The other day, we talked about a woman so fixated on another woman’s looks that she took drastic measures that landed her in a hospital in an attempt to attain them for herself. That woman starved and took diet pills, but there are other methods of attempting to imitate celebrities that can land you in the hospital. Like plastic surgery.
One South Korean woman, like so many people on this planet, is enchanted by Australian supermodel Miranda Kerr’s appearance. This woman, identified as Yuh Reum Hong, went above and beyond typical admiration of a Victoria’s Secret angel’s form and underwent cosmetic surgery procedures to look like her. According to the International Business Times, Hong went on “Alien Eyes,” a Korean television program with the most awesome name ever, to reveal the extent of her doppelgänger pursuit.
“she has gone through plastic surgery, hair dye, contact lenses and a lot of makeup to alter her eyes and nose in order to be Miranda Kerr’s look-alike.”
Miranda Kerr, the new face of Swarovski with a campaign launching this November, is a gorgeous woman, but trying to become a clone of a celebrity no matter how glamorous and beautiful bums me out. I’m glad that Hong had the resources and opportunity to do what she wanted with her appearance; however, it’s sad that instead of wanting to look like herself at what she perceived her best, she wanted to look like someone else. Beyond the face, eyes and hair, the supermodel’s super fan also copies her outfits.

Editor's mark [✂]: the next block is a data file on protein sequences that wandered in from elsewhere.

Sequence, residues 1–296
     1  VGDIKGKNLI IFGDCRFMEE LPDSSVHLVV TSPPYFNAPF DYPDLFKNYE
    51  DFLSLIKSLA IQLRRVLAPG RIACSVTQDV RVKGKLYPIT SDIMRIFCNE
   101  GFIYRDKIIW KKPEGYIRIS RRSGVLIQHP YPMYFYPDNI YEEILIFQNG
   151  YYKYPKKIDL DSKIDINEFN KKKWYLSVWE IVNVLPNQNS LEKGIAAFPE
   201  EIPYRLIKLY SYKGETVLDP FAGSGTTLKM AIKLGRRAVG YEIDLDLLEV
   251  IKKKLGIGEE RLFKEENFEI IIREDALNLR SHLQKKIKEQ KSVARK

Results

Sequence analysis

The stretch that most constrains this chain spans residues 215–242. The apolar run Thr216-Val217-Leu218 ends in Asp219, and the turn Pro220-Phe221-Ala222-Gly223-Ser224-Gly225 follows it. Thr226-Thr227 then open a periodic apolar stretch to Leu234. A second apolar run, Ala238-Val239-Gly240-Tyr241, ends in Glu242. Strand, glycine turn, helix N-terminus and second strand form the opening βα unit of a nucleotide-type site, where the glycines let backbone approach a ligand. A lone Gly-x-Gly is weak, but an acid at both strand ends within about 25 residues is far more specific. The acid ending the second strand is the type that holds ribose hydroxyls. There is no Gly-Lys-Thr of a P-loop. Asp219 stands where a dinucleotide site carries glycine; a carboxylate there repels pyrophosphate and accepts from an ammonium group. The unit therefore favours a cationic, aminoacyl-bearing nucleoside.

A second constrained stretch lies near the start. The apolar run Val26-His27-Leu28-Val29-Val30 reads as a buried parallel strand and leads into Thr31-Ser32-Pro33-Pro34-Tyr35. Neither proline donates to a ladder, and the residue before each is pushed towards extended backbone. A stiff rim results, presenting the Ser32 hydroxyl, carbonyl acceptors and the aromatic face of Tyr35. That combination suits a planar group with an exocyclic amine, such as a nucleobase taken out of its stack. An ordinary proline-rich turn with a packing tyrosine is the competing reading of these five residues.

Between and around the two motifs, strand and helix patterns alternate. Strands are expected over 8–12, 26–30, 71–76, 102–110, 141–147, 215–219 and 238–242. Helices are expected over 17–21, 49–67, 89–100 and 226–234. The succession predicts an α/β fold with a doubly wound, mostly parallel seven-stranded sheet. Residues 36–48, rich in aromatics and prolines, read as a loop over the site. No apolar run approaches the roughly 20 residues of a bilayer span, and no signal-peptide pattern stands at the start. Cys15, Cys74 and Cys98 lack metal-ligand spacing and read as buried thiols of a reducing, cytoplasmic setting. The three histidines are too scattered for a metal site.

The reception to Hong’s copy cat act have not been the best. One of the “Alien Eyes” hosts said she looked like “the martian version of Miranda Kerr” and other, crueler people have called her “Chucky’s Bride.” Just because what she did was weird, doesn’t mean we should be critical of the results. Instead of scrutinizing how her attempt to become a Kerr clone failed, we should scrutinize the culture that leads non famous civilians to want to become celebrities at any cost.
A few years ago there was a show on MTV called “I Want a Famous Face” that followed people around as they went through aesthetic transformations to try and look like famous people. I only vaguely remember the show, but I do recall that none of the participants looked particularly like the celebrities they were trying to become by the end of each episode. Of course not, because plastic surgery isn’t going to mutate a person into someone else. Even if one could become and exact copy of their celebrity idol, they’ll still be themselves, they won’t have the benefits that Brad Pitt or Angelina Jolie or Miranda Kerr have. Famous people are more than their bodies and faces too.